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  • Author or Editor: D. Brent Edwards Jr. x
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This chapter concerns itself with three tasks: first, to depict some key historical and regional dynamics in Central America from a political economy perspective; second, to contextualize education reform in relation to international political-economic forces affecting the region; and, third, to outline the framework that informs the analysis and commentary presented in subsequent chapters. The purpose is not only to provide essential background context relevant to all the chapters in this volume, but also to make explicit the dimensions and tensions to which the chapters in this volume speak. In order to address the purposes set out earlier, the chapter first characterizes regional political-economic dynamics from a historical perspective from the 1800s to 1970. The chapter then turns to contextualizing education reform in relation to international political-economic forces affecting the region. This section is likewise historically and regionally focused. It attends to the pressures facing the education systems of Central America from the 1950s to the 1980s, the period in which education systems began to expand dramatically – and often with assistance from international organizations. The final section of the chapter pivots to present the framework – rooted in international political economy – that serves as the overarching analytic lens for the present volume.

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Central America is a region about which comparatively little academic literature is produced that focuses on the political-economic dynamics that constrain education reform. However, one research project stands out as an exception. This research project, carried out from 2018 to 2022 by a network of researchers from the region, was entitled ‘Quality Education in Central America: Dynamics and Tensions among Models of Education and Development’. It brought together scholars from four Central American countries (El Salvador, Guatemala, Honduras, and Nicaragua) to produce case studies on the global-, national-, and local-level tensions that have surrounded the development and implementation of education reform in these countries between 1990 and 2010. The present chapter presents insights from a cross-case analysis of these studies through the lens of international political economy. Findings focus on processes of policy making and how these are affected by such considerations as geopolitical constraints, capitalist pressures, and international organizations; the ways in which different reform visions are communicated, interpreted, and experienced; and the manner in which tensions across political-economic forces and interest groups are resolved. This last dimension refers to the way in which education helps to mediate and resolve tensions that arise between the state and capital in the context of capitalist development.

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One characteristic of the relationship between education and development in Central America and the Latin Caribbean (CALC) is its dialectical nature. Although research on the region rarely speaks to this characteristic, it is clearly evident when looking across the cases presented in this volume. By dialectical nature, this chapter refers, first, to the reality that education helps to resolve or reduce tensions between the state and capitalism and, second, to the fact that the ways in which this tension is resolved repeatedly creates new opportunities for a range of international actors to insert themselves into education reform dynamics in the region. Involvement by these actors, together with counterparts from state agencies then proceeds – typically while ignoring or without input from teachers, students, and families – until a new crisis emerges, at which point the cycle repeats itself. The goal of this chapter is to make explicit that which is typically unacknowledged or insufficiently addressed in research on education in CALC – that is, the extent to which education is inextricably linked to and constrained by tensions and incentives produced as a result of the relationship between the state and the global capitalist economy.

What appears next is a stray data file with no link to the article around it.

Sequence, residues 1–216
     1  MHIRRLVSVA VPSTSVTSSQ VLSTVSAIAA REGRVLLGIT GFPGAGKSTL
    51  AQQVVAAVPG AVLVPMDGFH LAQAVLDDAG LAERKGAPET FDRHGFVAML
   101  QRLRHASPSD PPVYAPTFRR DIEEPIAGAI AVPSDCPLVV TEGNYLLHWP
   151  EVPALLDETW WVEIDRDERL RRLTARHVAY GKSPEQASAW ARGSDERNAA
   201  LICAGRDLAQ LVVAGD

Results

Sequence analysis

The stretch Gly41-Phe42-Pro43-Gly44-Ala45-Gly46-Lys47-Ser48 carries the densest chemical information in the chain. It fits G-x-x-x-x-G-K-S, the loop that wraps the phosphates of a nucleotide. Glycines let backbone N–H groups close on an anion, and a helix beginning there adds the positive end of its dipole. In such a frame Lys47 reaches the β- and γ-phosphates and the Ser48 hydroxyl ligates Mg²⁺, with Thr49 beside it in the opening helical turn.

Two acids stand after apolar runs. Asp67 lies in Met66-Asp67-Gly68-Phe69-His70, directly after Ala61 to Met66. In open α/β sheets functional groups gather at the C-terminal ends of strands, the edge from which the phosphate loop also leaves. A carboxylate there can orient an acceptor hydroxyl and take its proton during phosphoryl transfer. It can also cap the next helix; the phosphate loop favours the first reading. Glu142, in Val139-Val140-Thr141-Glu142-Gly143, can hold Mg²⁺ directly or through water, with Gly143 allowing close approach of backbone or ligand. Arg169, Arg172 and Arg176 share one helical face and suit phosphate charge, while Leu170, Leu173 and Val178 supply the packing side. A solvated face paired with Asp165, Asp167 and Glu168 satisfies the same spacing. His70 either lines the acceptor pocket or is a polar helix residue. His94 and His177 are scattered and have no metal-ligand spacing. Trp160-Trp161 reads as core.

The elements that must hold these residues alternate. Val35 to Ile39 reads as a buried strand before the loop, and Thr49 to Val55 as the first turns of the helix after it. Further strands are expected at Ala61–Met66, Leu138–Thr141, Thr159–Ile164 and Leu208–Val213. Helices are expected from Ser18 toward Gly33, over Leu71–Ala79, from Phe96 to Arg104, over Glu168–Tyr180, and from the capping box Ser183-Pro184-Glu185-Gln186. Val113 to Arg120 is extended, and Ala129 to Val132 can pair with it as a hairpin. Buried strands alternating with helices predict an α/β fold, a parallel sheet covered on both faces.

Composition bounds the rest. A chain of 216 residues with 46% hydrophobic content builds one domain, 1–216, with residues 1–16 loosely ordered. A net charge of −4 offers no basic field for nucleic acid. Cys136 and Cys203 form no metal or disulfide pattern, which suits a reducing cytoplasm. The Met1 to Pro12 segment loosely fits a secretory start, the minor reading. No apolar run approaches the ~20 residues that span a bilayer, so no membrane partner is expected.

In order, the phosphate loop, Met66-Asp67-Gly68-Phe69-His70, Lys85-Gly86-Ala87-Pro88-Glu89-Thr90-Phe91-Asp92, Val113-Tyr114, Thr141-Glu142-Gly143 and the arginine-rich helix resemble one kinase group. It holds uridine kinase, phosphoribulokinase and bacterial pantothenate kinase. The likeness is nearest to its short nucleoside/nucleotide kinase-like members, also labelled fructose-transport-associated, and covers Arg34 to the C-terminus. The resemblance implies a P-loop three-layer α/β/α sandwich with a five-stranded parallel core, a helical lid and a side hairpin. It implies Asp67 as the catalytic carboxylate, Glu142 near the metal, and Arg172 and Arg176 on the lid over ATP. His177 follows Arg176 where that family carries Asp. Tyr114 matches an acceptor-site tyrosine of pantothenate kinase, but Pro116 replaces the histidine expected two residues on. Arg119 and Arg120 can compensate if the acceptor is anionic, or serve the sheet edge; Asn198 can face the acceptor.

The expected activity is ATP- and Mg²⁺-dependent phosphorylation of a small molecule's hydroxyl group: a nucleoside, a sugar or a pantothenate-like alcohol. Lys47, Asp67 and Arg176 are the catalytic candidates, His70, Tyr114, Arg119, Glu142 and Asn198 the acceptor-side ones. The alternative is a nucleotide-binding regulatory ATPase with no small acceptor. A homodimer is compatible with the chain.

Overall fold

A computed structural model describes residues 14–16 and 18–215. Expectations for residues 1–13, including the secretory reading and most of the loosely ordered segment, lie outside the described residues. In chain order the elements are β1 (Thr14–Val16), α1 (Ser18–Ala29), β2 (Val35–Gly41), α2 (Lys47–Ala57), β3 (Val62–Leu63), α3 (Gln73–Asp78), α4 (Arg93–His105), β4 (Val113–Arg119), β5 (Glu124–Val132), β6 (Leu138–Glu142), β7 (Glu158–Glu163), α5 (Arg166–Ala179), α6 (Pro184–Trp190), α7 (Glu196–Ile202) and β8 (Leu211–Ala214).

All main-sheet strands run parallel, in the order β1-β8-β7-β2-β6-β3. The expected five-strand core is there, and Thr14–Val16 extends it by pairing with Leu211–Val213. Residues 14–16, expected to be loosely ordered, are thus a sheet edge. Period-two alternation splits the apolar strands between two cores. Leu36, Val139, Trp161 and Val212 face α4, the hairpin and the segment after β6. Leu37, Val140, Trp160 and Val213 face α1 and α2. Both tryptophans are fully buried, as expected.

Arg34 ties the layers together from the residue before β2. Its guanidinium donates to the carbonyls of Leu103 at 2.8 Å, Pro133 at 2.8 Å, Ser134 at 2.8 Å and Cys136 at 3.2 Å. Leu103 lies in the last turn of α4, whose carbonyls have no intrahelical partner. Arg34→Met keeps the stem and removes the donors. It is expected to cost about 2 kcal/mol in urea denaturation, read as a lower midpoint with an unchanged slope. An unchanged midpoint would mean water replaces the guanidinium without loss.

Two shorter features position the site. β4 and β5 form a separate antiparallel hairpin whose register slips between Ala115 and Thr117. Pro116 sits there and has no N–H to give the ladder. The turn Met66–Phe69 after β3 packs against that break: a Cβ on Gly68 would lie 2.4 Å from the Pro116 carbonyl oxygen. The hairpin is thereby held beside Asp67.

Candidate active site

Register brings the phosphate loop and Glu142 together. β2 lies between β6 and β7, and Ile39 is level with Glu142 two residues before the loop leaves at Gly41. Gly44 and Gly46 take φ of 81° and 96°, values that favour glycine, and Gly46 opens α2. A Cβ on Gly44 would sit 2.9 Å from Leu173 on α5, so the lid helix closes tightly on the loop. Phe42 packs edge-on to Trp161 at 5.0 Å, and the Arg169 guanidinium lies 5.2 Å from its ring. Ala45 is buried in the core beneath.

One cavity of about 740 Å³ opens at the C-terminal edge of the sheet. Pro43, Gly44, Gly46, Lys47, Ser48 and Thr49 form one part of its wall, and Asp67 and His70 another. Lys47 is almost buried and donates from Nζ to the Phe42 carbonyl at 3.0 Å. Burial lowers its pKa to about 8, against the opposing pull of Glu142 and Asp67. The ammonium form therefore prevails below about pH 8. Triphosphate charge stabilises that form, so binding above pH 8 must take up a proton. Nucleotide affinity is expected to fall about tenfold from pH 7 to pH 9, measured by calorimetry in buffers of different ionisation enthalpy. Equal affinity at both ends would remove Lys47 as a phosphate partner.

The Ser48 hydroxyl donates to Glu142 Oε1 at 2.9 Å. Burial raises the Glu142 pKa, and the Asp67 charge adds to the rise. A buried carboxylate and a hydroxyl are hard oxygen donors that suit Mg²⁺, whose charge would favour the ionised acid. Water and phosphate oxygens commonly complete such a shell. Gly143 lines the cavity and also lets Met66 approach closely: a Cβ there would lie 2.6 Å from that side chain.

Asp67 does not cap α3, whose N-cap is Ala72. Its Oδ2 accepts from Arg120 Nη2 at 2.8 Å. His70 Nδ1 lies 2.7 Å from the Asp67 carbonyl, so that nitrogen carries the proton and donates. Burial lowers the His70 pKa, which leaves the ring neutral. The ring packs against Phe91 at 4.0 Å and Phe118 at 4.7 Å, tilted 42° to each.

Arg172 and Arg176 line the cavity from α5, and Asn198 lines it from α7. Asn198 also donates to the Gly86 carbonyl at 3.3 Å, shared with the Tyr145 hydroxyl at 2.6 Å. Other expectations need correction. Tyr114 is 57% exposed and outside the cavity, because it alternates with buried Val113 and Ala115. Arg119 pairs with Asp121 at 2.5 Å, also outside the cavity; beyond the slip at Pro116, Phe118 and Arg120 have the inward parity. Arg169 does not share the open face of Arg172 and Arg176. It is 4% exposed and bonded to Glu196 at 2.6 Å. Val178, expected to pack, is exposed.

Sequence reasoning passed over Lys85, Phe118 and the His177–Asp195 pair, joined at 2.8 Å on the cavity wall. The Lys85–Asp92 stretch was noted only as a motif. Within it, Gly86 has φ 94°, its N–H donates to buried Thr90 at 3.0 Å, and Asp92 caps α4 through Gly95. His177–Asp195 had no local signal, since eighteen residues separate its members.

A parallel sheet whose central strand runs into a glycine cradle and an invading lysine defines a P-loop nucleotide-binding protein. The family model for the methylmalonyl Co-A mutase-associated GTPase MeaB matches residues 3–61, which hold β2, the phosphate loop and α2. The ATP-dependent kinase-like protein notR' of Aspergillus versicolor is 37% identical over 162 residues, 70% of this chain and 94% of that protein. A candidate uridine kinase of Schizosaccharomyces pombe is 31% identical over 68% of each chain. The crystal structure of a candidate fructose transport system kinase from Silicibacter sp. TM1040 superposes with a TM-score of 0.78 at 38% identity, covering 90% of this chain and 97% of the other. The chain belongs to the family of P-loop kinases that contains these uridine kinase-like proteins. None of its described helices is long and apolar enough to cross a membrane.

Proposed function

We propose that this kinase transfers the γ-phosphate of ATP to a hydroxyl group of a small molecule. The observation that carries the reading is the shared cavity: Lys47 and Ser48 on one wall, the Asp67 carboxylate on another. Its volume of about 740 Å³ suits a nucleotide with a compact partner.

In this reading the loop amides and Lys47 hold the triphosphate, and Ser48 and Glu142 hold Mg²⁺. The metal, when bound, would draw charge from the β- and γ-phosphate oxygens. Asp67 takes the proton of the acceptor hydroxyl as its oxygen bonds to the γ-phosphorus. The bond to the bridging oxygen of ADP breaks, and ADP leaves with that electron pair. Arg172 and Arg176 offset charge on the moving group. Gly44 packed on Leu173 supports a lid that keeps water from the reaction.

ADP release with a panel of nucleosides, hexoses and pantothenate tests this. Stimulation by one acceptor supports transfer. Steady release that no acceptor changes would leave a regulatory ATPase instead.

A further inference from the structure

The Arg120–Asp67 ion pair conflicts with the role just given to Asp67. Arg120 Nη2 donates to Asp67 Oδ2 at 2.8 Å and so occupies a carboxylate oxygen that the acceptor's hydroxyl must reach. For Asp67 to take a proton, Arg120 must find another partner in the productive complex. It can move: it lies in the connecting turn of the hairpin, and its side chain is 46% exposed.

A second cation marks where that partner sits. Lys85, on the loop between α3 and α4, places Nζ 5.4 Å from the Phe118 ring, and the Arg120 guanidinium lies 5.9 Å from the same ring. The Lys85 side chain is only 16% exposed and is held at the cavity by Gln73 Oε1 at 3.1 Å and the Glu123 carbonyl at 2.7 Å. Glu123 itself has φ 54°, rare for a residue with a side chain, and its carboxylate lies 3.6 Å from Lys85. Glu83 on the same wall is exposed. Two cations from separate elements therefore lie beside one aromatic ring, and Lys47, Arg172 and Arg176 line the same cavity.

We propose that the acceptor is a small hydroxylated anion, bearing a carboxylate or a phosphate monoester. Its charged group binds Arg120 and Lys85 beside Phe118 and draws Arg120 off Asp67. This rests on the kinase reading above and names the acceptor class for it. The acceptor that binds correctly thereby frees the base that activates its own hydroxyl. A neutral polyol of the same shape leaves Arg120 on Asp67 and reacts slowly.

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This brief concluding chapter has two purposes. The first is to reflect on possible paths forward for education and development in Central America and the Latin Caribbean. Having interpreted each case in the present volume through an international political economy lens, the task at hand is to reflect on the implications for the region. The second purpose is to point to future directions for research and action. The suggestions offered pick up on issues mentioned in this volume about which more can and should be said as stakeholders grapple with how to respond to the tensions that affect the region. As will be seen, this section of the chapter takes a decolonial orientation. The last section of the chapter then offers concluding commentary on contributions of the present volume as well as the new gaps that have become evident in the process of filling old ones.

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Recent literature on neoliberalism and privatisation of education around the world has noted the growing and complex influence of external actors on educational policies, provisions, governance, and outcomes. The case of private tutoring in Cambodia, generally offered by public school teachers to their own students, adds an interesting dimension to this literature by addressing a situation where actors internal to the school system (teachers) are incentivised to act in external capacities. This chapter describes the ways that this form of private tutoring, rien kuo, is integrated into the schooling experience of students and becomes central to student progress from one grade to the next – and the consequential ‘hybrid public-private education system’ that this produces. We reflect on how this is a form of endogenous privatisation that involves the incorporation of ‘market-oriented mindsets’ into education and, more specifically, into the relationship between teachers and students. Our findings demonstrate how teachers acting in external capacities can have great impact on teacher and student motivations, curriculum and pedagogy, assessment, and broad expectations of public schooling – in ways that differ from contexts where private tutoring is provided by formally external actors.